So you want to climb the Matterhorn. What does it take?

Not many peaks in the world are as iconic and recognizable as the famous peak straddling Switzerland and Italy know by the Swiss as The Matterhorn. So it stands to reason that climbing the Matterhorn is a major goal of many climbers. But what does it take to scale this famous peak? We will take a look at what it takes to climb the Hornli Ridge from Zermatt, Switzerland, by far the peak’s most popular route.


A climb of this nature is not easy to describe to climbers who have not been to the Alps. A common question is “What is it rated”? The answer to that question is probably 5.4 in the US rock rating system. However, that doesn’t even begin to tell the whole story. The Matterhorn is a classic alpine rock climb with some snow and ice near the top. This means you must climb it in lightweight alpine climbing boots and sometimes with crampons on. This of course adds to the difficulty and can take some getting used to.

The day starts usually around 4am at the Hornli Hut at an elevation of 10,600 ft and the summit is at 14,692 ft. That means there is approx. 4000 ft of steep climbing to be done in less than 10 hours. Most of the Hornli Ridge is probably 3rd & 4th class scrambling with occasional sections of easy 5th class. There are even some vertical fixed ropes which must be climbed hand over hand. The climbing is relatively easy for those with rock climbing experience, but very exposed. When with a guide, you are moving roped together without an anchor for much of the route. As with many peaks, you want to be done and back at the hut by mid afternoon at the latest, so you can see that speed is of the utmost importance. There are no real breaks on the climb. The way down is the same way you go up and it’s not really any easier. It’s go, go, go for 8-10 hours.

The need for speed, the sustained nature of the climbing and scrambling, as well as the altitude all combine to make the Matterhorn a very athletic endeavor. Being in excellent cardio shape is key to success. Having rock climbing scrambling skills are also key, you must be sure on your feet! Also, the exposure is massive. We are talking 4000 foot sheer drops down to the glacier. You must be comfortable with exposure. And of course, you must be acclimated before attempting such a climb above 14,000 ft.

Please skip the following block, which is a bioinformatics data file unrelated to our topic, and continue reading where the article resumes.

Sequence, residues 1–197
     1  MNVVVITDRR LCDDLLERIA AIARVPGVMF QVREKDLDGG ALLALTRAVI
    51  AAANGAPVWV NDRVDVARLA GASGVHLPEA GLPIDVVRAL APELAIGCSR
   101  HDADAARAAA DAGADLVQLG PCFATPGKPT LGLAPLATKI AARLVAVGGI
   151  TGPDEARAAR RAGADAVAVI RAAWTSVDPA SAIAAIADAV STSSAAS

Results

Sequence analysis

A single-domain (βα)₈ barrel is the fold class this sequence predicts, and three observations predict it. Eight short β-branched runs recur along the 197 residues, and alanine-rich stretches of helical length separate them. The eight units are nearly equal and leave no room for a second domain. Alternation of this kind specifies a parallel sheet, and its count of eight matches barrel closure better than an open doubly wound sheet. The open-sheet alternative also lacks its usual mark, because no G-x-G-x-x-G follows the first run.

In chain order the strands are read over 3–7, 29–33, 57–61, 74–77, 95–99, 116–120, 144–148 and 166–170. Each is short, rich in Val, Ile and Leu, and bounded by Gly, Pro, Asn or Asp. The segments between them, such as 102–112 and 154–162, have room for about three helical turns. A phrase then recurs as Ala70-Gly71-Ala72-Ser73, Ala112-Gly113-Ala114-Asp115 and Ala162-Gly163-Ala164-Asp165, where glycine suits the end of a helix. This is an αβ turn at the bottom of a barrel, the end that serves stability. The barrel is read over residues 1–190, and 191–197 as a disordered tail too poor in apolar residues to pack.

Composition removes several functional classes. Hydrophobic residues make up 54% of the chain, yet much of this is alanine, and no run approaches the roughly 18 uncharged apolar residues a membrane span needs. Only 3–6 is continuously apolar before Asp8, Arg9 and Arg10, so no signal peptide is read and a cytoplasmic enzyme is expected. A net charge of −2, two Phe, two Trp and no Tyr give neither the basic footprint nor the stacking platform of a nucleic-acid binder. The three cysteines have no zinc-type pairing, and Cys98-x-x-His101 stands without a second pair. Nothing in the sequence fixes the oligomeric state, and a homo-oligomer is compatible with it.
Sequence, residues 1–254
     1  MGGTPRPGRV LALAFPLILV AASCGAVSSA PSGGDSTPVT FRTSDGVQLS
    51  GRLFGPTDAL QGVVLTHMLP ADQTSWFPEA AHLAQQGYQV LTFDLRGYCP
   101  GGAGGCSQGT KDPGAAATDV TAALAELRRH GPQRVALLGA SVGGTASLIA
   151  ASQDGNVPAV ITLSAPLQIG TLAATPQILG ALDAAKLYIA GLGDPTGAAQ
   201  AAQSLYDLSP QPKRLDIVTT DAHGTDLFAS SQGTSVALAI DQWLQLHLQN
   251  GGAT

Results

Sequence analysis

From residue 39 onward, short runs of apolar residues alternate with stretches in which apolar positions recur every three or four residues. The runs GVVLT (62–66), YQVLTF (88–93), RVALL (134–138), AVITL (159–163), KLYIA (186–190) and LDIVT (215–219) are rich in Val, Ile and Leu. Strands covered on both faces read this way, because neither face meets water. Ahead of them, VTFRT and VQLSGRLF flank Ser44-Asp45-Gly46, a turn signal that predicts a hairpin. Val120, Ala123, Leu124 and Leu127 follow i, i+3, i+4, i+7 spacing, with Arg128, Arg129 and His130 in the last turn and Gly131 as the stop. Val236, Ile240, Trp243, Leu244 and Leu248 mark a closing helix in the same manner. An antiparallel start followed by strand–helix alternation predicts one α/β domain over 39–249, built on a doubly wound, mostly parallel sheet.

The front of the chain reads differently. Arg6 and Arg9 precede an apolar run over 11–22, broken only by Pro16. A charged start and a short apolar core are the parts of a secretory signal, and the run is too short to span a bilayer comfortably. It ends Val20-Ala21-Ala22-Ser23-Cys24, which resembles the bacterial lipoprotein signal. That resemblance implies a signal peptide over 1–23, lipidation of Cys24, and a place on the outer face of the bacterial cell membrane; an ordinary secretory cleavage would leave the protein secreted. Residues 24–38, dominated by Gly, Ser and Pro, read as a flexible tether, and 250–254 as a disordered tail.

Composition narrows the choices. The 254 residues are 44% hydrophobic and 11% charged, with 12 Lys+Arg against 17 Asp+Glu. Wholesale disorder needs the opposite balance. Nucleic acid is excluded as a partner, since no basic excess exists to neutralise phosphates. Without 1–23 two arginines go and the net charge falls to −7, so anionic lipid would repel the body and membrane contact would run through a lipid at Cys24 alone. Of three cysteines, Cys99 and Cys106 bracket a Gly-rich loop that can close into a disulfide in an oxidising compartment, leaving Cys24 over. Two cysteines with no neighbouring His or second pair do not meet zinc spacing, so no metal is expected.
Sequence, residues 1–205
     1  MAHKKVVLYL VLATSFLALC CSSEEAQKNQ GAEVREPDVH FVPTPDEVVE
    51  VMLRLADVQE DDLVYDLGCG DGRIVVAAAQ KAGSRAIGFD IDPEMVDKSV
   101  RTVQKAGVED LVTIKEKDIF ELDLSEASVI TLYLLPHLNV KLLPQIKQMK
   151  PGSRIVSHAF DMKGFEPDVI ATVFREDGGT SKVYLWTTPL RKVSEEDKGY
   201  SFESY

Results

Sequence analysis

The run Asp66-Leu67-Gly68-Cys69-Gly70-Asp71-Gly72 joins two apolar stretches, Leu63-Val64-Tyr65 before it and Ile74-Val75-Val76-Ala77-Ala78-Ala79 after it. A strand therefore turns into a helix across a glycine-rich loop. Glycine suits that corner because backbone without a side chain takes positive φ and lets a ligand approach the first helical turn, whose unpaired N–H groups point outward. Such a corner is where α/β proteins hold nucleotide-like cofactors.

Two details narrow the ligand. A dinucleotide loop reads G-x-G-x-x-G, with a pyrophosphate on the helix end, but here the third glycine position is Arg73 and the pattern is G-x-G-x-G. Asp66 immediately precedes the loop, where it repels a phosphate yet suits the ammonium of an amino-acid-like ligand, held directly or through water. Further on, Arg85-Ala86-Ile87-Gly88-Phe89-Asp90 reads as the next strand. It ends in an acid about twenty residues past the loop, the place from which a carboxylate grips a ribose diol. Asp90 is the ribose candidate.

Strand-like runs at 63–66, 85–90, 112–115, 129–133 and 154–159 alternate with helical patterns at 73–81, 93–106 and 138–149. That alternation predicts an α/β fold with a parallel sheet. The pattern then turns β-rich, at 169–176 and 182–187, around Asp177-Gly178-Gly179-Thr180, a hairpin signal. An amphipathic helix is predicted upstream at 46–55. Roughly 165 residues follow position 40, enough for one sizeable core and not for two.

The summit of the Matterhorn

The summit of the Matterhorn

In the years that I have been guiding the Swiss Matterhorn, I’ve seen 5.10 rock climbers with no previous Alps experience struggle. I’ve also seen veteran peak baggers in great shape and with good scrambling skills, but with no real technical rock experience, do great.

All said the Matterhorn is not an exceptionally difficult alpine climb if attempting with a guide (route finding can be tricky if attempting on your own). It just requires excellent physical shape and a skill set that allows you to move fast and efficiently on exposed rock.

Conditions are always a concern when planning a Matterhorn climb. Since the Matterhorn is primarily a rock climb a summer snowstorm (not uncommon in the Alps) can put the route out of shape for climbing. Snow covered rock makes the route just too dangerous and slow going to attempt reasonably. Some snow may be ok but too much and you might as well set your sights on one of the other fantastic alpine climbs in the Zermatt area. The picture shown above is the Matterhorn in summer, but clearly out of shape for climbing.

All in all, the Matterhorn can be one of the more memorable days of your climbing career!

by Dave Miller

IAG/CAG owner/director and IFMGA internationally certified mountain guide

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